Characterization and modification of electrospun fiber mats for use in composite proton exchange membranes
Author(s)Mannarino, Matthew Marchand
Massachusetts Institute of Technology. Department of Materials Science and Engineering.
Gregory C. Rutledge and Yang Shao-Horn.
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Electrostatic fiber formation, or electrospinning, offers a particularly simple and robust method to create polymeric nanofibers of various sizes and morphologies. In electrospinning, a viscoelastic fluid is charged so that a liquid jet is ejected from the surface of the fluid (typically in the form of a drop supplied by a needle or spinneret) and collected on a grounded plate, creating a nonwoven fiber mat. Modification of the diameter of the fibers as well as the porosity, specific surface area, and mechanical properties of the mat allows one to tailor electrospun mats for specific applications. Despite the widespread and rapidly growing use of electrospinning in the fabrication of novel nanomaterials, there are no simple, universal methods of predicting, a priori, the properties of electrospun fibers from knowledge of the polymer solution properties and electrospinning operating conditions alone. Changing a single fluid or processing parameter can affect the jet and fiber formation through several mechanisms. For example, using a different solvent can change several properties of the electrospinning fluid, such as the dielectric constant, conductivity, surface tension, and solute-solvent interaction. The work in this thesis seeks to develop a simple relation for predicting terminal jet diameter during electrospinning, which accounts for solution viscoelasticity as well as solution conductivity and operating parameters that can be easily measured and controlled. The mechanical and tribological properties of electrospun fiber mats are of paramount importance to their utility as components in a variety of applications. Although some mechanical properties of these mats have been investigated previously, reports of their tribological properties are essentially nonexistent. In this thesis, electrospun nanofiber mats of poly(trimethyl hexamethylene terephthalamide) (PA 6(3)T) and poly(hexamethylene adipamide) (PA 6,6) are characterized mechanically and tribologically. Post-spin thermal annealing was used to modify the fiber morphology, inter-fiber welding, and crystallinity within the fibers. Morphological changes, in-plane tensile response, friction coefficient, and wear rate were characterized as functions of the annealing temperature. The Young's moduli, yield stresses and toughnesses of the PA 6(3)T nonwoven mats improved by two- to ten-fold when annealed slightly above the glass transition temperature, but at the expense of mat porosity. The mechanical and tribological properties of the thermally annealed PA 6,6 fiber mats exhibited significant improvements through the Brill transition temperature, comparable to the improvements observed for amorphous PA 6(3)T electrospun mats annealed near the glass transition temperature. The wear rates for both polymer systems correlate with the yield properties of the mat, in accordance with a modified Ratner-Lancaster model. The variation in mechanical and tribological properties of the mats with increasing annealing temperature is consistent with the formation of fiber-to-fiber junctions and a mechanism of abrasive wear that involves the breakage of these junctions between fibers. A mechanically robust proton exchange membrane with high ionic conductivity and selectivity is an important component in many electrochemical energy devices such as fuel cells, batteries, and photovoltaics. The ability to control and improve independently the mechanical response, ionic conductivity, and selectivity properties of a membrane is highly desirable in the development of next generation electrochemical devices. In this thesis, the use of layer-by-layer (LbL) assembly of polyelectrolytes is used to generate three different polymer film morphologies on highly porous electrospun fiber mats: webbed, conformal coating, and pore-bridging films. Specifically, depending on whether a vacuum is applied to the backside of the mat or not, the spray-LbL assembly either fills the voids of the mat with the proton conducting material or forms a continuous fuel-blocking film. The LbL component consists of a proton-conducting, methanolimpermeable poly(diallyl dimethyl ammonium chloride)/sulfonated poly(2,6-dimethyl 1,4- phenylene oxide) (PDAC/sPPO) thin film. The electrospun fiber component consists of PA 6(3)T fibers of average diameter between 400 and 800 nm, in a nonwoven matrix of 60-90% porosity depending on the temperature of thermal annealing utilized to improve the mechanical properties. This thesis demonstrates the versatility and flexibility of this fabrication technique, since any ion conducting LbL system may be sprayed onto any electrospun fiber mat, allowing for independent control of functionality and mechanical properties. The mechanical properties of the spray coated electrospun mats are shown to be superior to the LbL-only system, and possess intrinsically greater dimensional stability and lower mechanical hysteresis than Nafion under hydration cycling. The electrochemical selectivity of the composite LbL-electrospun membrane is found to be superior to Nafion, which makes them a viable alternative proton exchange membrane for fuel cell applications. The composite proton exchange membranes fabricated in this work were tested in an operational direct methanol fuel cell, with results showing the capability for higher open circuit voltages (OCV) and comparable cell resistances when compared to Nafion.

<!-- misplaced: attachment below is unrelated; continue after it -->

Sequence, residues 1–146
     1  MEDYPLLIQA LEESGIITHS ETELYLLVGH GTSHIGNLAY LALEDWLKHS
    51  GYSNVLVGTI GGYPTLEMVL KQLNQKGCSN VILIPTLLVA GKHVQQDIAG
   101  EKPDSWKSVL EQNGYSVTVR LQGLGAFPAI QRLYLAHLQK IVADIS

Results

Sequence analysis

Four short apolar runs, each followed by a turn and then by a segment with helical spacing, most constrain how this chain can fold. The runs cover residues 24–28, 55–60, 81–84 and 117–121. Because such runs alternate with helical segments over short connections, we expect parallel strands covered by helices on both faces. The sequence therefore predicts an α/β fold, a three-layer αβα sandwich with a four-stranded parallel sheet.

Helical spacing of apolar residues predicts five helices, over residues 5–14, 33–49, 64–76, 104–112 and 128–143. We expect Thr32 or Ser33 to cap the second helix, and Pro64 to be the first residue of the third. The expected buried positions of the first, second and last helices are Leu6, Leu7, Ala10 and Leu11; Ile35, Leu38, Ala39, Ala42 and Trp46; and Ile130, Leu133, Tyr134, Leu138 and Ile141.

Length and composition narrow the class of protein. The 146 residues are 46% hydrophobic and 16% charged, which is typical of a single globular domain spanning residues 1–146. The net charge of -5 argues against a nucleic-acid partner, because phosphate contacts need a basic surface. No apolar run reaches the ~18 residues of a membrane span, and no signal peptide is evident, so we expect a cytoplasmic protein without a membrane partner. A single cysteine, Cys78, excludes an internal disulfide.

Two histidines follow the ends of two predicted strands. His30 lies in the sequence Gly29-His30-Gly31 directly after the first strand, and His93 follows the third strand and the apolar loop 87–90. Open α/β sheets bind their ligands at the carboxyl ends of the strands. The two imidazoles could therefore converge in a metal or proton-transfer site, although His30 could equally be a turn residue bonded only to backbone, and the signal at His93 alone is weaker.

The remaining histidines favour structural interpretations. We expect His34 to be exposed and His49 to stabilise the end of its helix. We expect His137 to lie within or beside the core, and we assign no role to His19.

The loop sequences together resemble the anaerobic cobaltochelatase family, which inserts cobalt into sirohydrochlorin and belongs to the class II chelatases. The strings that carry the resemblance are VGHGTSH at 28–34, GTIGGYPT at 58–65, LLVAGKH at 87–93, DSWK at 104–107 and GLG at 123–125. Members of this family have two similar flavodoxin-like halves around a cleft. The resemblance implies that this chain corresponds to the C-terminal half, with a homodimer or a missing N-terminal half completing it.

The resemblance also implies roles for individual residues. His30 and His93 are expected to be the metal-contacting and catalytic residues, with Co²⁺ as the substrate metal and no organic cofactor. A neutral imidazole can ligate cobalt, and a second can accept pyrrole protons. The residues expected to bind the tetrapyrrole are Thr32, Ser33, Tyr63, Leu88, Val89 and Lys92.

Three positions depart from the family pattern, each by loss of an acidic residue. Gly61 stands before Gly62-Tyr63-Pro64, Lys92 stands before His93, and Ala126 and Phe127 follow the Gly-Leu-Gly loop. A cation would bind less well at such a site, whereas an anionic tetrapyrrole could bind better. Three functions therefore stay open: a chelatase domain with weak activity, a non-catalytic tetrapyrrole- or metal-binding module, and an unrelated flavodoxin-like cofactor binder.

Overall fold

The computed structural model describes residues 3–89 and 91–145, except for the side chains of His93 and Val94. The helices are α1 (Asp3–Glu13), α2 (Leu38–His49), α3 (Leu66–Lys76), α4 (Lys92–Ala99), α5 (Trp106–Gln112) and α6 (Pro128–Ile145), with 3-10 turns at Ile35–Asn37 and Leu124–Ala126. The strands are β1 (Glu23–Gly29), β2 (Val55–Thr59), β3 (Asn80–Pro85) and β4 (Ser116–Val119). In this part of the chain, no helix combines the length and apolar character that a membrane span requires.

Thesis (Ph. D.)--Massachusetts Institute of Technology, Dept. of Materials Science and Engineering, 2013.This electronic version was submitted by the student author. The certified thesis is available in the Institute Archives and Special Collections.Cataloged from student-submitted PDF version of thesis.Includes bibliographical references.
DepartmentMassachusetts Institute of Technology. Department of Materials Science and Engineering.
Massachusetts Institute of Technology
Materials Science and Engineering.